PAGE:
Although I have more of the same stacked up, (vampire novels aimed at teenagers that is), I think I’ve worked out why teenage girls love reading them… They have all the features of many traditional favourites:- set in schools pupilled with bullies, geeks, jocks, all the usual stereotypes are there; there’s good/bad, sympathetic/not teachers; an overwhelming hatred of maths; but most importantly the heroine is new to the school – an outsider who is different and sticks out a mile. Mix thoroughly and then spice liberally with vampires to bring a whole new level of fantasy to the staple genre. However given all that, these first two books have totally different approaches …
Twilight by Stephanie Meyer.
Although not the first, Twilight is the book that has ignited the current vamp fever.
Isabella is a beautiful yet clumsy girl who has left her Mum, and her new husband, in Phoenix to live with her Dad in the small, rainy, northwestern town of Forks. Enrolling at the local high school she soon makes friends, but then attracts the attention of the mysterious and impossibly good-looking Cullen family. It is love at first sight for Isabella and Edward – but the course of true love never runs smooth, as the Cullens are vampires. As Edward and Bella start to explore whether it is possible for them to have a relationship, some other vampires come on the scene, and Bella is put in danger.
It could have been really brilliant, but to be honest I didn’t warm to Bella – she’s a bit of a whiner and homebody, and so drippy once she falls for Edward. He on the other hand is the business, provided you can forget the slightly creepy fact that he’s a hundred year-old vampire in the body of a seventeen year-old Adonis. Crucially though, it’s so slow in getting to the action as they talk and talk and talk; and the central romance is totally frustrating for an adult read, (younger teens may baulk at the length). The overall feel to me was like one of those über-slick good-looking American TV series like Beverley Hills 90210 (or whatever the number was) with less sex and more talk. Reading Meyer’s website it appears that Bella is the daughter she’s never had, and that there is a certain amount of wish fulfillment going on too. It was compulsive though, and I shall definitely read the rest of the series to find out what finally happens!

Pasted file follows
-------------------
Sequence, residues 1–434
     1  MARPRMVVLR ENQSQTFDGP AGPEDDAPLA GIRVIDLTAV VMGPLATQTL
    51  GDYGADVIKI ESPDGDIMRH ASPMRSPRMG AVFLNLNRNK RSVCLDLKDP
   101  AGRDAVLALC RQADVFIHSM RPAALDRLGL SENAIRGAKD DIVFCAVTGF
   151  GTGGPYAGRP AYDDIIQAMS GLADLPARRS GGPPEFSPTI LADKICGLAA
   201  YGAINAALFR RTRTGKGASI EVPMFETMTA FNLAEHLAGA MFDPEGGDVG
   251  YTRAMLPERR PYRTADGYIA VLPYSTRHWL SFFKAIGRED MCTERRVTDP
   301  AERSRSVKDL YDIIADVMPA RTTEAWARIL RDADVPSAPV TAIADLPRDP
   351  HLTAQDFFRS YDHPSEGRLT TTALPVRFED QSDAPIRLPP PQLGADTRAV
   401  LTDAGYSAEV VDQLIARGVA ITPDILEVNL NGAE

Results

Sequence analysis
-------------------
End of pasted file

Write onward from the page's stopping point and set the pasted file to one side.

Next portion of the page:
Now to a rather different type of high school vampire novel …
Marked by P.C. & Kristin Cast
Written by a mother and daughter team, this is the first in a series called the ‘House of Night’. In the Casts’ world, teenagers are ‘marked’ to become vampires. It has a cracking opening line – “Just when I thought my day couldn’t get any worse I saw the dead guy standing next to my locker.” Zoey is picked to become a vampyre (yes, with a ‘y’), the tracker marks her forehead and from that moment on her life changes.
She has to abandon everything and go to the ‘House of Night’ – the vampyre finishing school where they will take over her schooling and help her go through the change into becoming a vampyre. She’s happy to leave her mother and her horrible new husband, but has to say goodbye to her Cherokee grandmother who lives out of town. While out looking for her Gran who is out in the hills, Zoey falls and has a vision from the vampyre goddess Nyx who asks her to be her eyes and ears at the House of Night. Once at school, she finds that she’s the centre of attention, for the mark on her forehead has changed – it’s different to all the other fledglings’ ones, and not only is the headmistress Zoey’s mentor, but the head girl Aphrodite is soon on her case!
What ensues is more of a typical boarding school novel with secret clubs, cliques and escapades, and all the stereotypes above are present too. Many have commented that there’s a touch of Hogwarts about it with the pupils learning to be vampyres, but these teenaged vampyres’ blood is full of raging hormones so it’s definitely not suitable for younger teens. It was more fun and definitely has a better sense of humour than Twilight, but I don’t feel the compulsive need to read more of the series, (well – maybe!).
Having read these two, I can understand why teenage girls are adoring them. The presence of the vampires adds a fantasy element to the high-school novel that heightens the romance to a new level, providing the escapist fun that teenagers crave – but I wouldn’t recommend even the sex-free Twilight for any younger readers.
Now I’m reading the first Sookie Stackhouse novel – Dead Until Dark, which is the sexy older cousin to those above. I keep on discovering more vamp fare to add to my reading list though – The Vampire Diaries by L J Smith, which was published in 1991 and thought to be a key influence on those who came after; and Nordic vamp novel Let the right one in by John Ajvide Lindqvist. “Bring it on!” I say.